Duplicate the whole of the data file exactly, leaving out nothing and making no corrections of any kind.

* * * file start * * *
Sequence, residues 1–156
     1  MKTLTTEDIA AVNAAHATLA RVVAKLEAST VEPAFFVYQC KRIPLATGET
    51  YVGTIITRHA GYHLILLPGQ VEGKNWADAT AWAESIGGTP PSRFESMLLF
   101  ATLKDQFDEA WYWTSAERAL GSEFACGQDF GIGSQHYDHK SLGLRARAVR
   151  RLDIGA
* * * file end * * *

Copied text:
Sequence, residues 1–156
     1  MKTLTTEDIA AVNAAHATLA RVVAKLEAST VEPAFFVYQC KRIPLATGET
    51  YVGTIITRHA GYHLILLPGQ VEGKNWADAT AWAESIGGTP PSRFESMLLF
   101  ATLKDQFDEA WYWTSAERAL GSEFACGQDF GIGSQHYDHK SLGLRARAVR
   151  RLDIGA